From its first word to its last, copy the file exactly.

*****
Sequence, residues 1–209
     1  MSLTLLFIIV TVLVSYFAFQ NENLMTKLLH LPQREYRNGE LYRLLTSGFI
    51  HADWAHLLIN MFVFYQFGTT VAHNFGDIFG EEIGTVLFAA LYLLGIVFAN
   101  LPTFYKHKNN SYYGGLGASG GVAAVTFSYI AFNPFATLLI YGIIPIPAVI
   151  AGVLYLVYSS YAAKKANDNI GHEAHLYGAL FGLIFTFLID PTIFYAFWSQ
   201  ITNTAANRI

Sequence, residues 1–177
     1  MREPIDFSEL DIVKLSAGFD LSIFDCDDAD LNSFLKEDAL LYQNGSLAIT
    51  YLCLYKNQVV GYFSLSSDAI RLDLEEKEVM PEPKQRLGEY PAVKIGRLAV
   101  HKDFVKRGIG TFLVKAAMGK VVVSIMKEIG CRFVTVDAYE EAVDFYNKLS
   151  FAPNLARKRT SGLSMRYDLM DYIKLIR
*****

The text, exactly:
Sequence, residues 1–209
     1  MSLTLLFIIV TVLVSYFAFQ NENLMTKLLH LPQREYRNGE LYRLLTSGFI
    51  HADWAHLLIN MFVFYQFGTT VAHNFGDIFG EEIGTVLFAA LYLLGIVFAN
   101  LPTFYKHKNN SYYGGLGASG GVAAVTFSYI AFNPFATLLI YGIIPIPAVI
   151  AGVLYLVYSS YAAKKANDNI GHEAHLYGAL FGLIFTFLID PTIFYAFWSQ
   201  ITNTAANRI

Sequence, residues 1–177
     1  MREPIDFSEL DIVKLSAGFD LSIFDCDDAD LNSFLKEDAL LYQNGSLAIT
    51  YLCLYKNQVV GYFSLSSDAI RLDLEEKEVM PEPKQRLGEY PAVKIGRLAV
   101  HKDFVKRGIG TFLVKAAMGK VVVSIMKEIG CRFVTVDAYE EAVDFYNKLS
   151  FAPNLARKRT SGLSMRYDLM DYIKLIR